Water management

The oil and gas industry, consumes large amounts of water for the production facilities but it also produces large amounts of water due to the extraction of oil and gas. MOL Group is constantly focused on finding ways to improve the handling methods of these large quantities of water.

There are two separate type of water needs within MOL Group: the upstream and downstream. Each sector has specific and significant requirements in terms of process water, the treatment of waste water and recycling.

In Upstream business, process water is used as injection water for wells, in order to help recover crude oil and gas. The water produced must then be treated in order to be recycled and re-injected, or simply in order to comply with increasingly strict discharge standards.

Quantity of produced water from Exploration & Production activities in 2017 (m3)

  EU Operations Non EU Operations Total MOL Group
Amount of produced water 9,729,739 403,271 10,132,965
Total amount of re-injected produced water 10,870,151 441,476 11,311,618
Water sent to evaporation ponds 0 710 710

At all EU operations, produced water is re-injected, and in 2017 a water reinjection system has been commissioned in Pakistan. As result, the water volume that is sent to the evaporation ponds has been reduced by 99%.

In Downstream business, process water is mostly used to supply boilers and cooling circuits, and for some oil refining processes.

At MOL Group we are constantly monitoring the water efficiency of our Downstream units.


Issues related to water management are becoming increasingly critical in the lives of societies and companies, and require a permanent change in operations. Water management principles are similar to those followed in waste management; critical is reducing fresh water intake, the reuse and recycling of water and responsible water emissions (reductions and impact assessments).


Refining and PetChem are dominant in water withdrawals

In 2017, MOL Group’s total water withdrawals amounted to 95.63 million m3, which represents an increase of 1% compared to 2013 (94.51 million m3) and a 12% increase as compared with 2016 figures. The tendency is attributable to the acquisition of the CM European Power Slovakia and yearly change in production capacity that is based on market demand.

Climate change and Hungary: Mitigating the hazard and preparing for the impacts (The “VAHAVA” report).

As an important input for assessing the general environment, the so-called ‘VAHAVA’ report (issued in Hungary) calls attention to the fact that the practice of “fighting the floods” should be replaced with the principle of “living with the floods” in the areas in which we operate. As a result, action plans for extreme weather situations should be reflected in the operational regulations of our facilities and plants.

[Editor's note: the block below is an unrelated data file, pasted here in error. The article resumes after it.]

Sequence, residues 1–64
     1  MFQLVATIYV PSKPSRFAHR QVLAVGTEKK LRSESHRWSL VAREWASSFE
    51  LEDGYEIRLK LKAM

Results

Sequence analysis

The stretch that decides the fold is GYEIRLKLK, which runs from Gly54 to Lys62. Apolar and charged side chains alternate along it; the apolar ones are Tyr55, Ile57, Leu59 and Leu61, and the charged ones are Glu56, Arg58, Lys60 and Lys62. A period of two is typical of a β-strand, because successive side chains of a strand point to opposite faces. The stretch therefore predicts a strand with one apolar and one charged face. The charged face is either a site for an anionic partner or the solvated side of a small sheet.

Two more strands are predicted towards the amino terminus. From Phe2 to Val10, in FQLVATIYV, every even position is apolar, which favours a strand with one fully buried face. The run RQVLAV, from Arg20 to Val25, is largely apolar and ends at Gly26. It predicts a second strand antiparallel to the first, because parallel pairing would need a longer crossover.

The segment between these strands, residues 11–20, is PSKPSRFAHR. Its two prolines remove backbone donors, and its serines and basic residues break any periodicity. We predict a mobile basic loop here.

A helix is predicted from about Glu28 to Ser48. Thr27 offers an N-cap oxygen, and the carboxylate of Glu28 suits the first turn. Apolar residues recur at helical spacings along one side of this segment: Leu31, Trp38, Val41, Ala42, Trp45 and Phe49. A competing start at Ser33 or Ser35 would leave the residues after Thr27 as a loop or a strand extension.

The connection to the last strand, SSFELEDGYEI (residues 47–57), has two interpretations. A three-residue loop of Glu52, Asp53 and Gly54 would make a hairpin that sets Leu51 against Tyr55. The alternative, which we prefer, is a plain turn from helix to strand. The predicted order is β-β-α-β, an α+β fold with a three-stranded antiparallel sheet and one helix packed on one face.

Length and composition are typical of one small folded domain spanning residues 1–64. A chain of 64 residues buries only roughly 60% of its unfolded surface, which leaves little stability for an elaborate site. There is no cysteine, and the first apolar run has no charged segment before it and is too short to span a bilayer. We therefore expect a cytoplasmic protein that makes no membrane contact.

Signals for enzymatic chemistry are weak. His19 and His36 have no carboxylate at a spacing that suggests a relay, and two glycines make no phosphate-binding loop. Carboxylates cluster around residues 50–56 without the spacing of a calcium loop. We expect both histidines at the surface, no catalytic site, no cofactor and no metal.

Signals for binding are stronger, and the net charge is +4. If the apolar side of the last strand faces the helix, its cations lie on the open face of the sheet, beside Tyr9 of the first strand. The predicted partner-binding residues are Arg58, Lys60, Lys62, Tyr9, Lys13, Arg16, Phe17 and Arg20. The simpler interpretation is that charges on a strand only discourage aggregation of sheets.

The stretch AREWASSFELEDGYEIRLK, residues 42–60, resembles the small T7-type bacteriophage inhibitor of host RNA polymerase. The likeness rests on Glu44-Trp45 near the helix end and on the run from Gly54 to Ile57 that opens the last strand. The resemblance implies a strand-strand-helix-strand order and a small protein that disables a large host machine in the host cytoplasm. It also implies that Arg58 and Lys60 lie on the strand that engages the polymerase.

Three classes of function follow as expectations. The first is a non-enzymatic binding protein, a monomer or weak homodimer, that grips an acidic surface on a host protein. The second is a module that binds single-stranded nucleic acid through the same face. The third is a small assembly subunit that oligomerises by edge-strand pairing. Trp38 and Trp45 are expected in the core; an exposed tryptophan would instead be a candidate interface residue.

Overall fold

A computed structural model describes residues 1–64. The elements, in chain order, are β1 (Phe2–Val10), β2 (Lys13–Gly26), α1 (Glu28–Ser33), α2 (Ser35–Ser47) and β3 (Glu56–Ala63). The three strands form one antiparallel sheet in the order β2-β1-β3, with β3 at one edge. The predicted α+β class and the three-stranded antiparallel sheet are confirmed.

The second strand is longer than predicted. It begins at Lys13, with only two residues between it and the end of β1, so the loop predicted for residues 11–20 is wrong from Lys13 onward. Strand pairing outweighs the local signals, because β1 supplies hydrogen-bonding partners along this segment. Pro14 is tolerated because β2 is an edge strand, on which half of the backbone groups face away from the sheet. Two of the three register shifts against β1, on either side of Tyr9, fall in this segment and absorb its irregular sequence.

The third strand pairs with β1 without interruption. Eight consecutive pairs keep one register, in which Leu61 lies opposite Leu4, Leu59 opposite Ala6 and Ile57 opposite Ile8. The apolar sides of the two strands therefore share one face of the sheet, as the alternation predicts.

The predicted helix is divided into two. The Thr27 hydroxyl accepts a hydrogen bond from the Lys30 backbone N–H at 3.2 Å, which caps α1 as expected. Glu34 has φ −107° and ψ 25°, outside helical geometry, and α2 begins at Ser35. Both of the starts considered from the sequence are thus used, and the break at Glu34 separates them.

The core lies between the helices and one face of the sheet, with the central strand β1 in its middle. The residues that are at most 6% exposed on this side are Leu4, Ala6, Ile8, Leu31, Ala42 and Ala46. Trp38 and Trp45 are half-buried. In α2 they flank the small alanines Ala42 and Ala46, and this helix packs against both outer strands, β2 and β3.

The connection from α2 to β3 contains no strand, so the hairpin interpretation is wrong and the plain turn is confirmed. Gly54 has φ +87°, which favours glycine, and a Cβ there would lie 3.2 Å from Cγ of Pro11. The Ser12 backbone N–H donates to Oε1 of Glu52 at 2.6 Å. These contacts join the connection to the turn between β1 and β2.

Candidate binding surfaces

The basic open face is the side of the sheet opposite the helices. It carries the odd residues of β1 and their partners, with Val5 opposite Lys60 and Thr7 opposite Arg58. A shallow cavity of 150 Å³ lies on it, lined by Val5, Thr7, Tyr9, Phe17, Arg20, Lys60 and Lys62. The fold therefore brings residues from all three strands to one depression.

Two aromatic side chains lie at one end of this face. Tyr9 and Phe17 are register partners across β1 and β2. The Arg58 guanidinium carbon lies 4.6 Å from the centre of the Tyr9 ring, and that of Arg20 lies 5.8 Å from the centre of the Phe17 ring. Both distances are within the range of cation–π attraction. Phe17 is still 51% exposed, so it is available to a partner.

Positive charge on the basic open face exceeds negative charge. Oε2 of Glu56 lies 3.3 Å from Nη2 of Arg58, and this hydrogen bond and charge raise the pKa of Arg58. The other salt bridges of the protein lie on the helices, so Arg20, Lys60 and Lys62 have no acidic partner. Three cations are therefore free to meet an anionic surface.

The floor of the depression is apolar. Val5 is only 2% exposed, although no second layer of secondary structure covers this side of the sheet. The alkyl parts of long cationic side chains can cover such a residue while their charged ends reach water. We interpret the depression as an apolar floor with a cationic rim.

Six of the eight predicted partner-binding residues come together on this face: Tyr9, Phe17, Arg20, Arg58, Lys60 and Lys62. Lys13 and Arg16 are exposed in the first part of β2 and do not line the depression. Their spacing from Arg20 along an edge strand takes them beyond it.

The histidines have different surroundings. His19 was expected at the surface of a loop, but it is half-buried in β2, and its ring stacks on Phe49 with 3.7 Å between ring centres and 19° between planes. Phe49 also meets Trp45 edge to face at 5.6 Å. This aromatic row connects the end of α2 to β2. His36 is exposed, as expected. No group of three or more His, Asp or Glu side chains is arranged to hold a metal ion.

Overview – The Water Situation in Pakistan

In our international overview we share information about our operations in Pakistan where the long term availability of water sources has become a strategic issue.

Pakistan’s current population of 141 million is expected to grow to about 221 million by the year 2025. This increase in population will have a direct impact on the ability of the water sector to meet domestic, industrial and agricultural needs. Pakistan has now essentially exhausted its available water resources and is on the verge of becoming a water deficit country. Per capita water availability has dropped from 5,600 cubic meters to 1,000 meters. The quality of groundwater and surface-water is low and is further deteriorating because of unchecked disposal of untreated municipal and industrial wastewater and excessive use of fertilizers and insecticides.

Generally, water availability is assessed during environmental assessment (EIA/IEE) studies for each new project. In our last focused analysis we found that several of our production facilities are located in areas which have limited groundwater, but no water is being extracted from the surroundings of these sites. Other facilities where water is extracted are not water stressed areas. In these cases – independent from the present water status – we maintain records of water extraction from various sources and maintain records of water consumption at production sites.

We have not so far faced any major conflict with any stakeholder regarding water resources. However, in the case of complaints from local communities regarding water contamination, an environmental investigation is conducted by field SD & HSE officers or third party environmental consultants and a chemical & microbiological analysis of water is carried out. It has been established that no water source has been contaminated so far due to MOL’s Pakistan operations.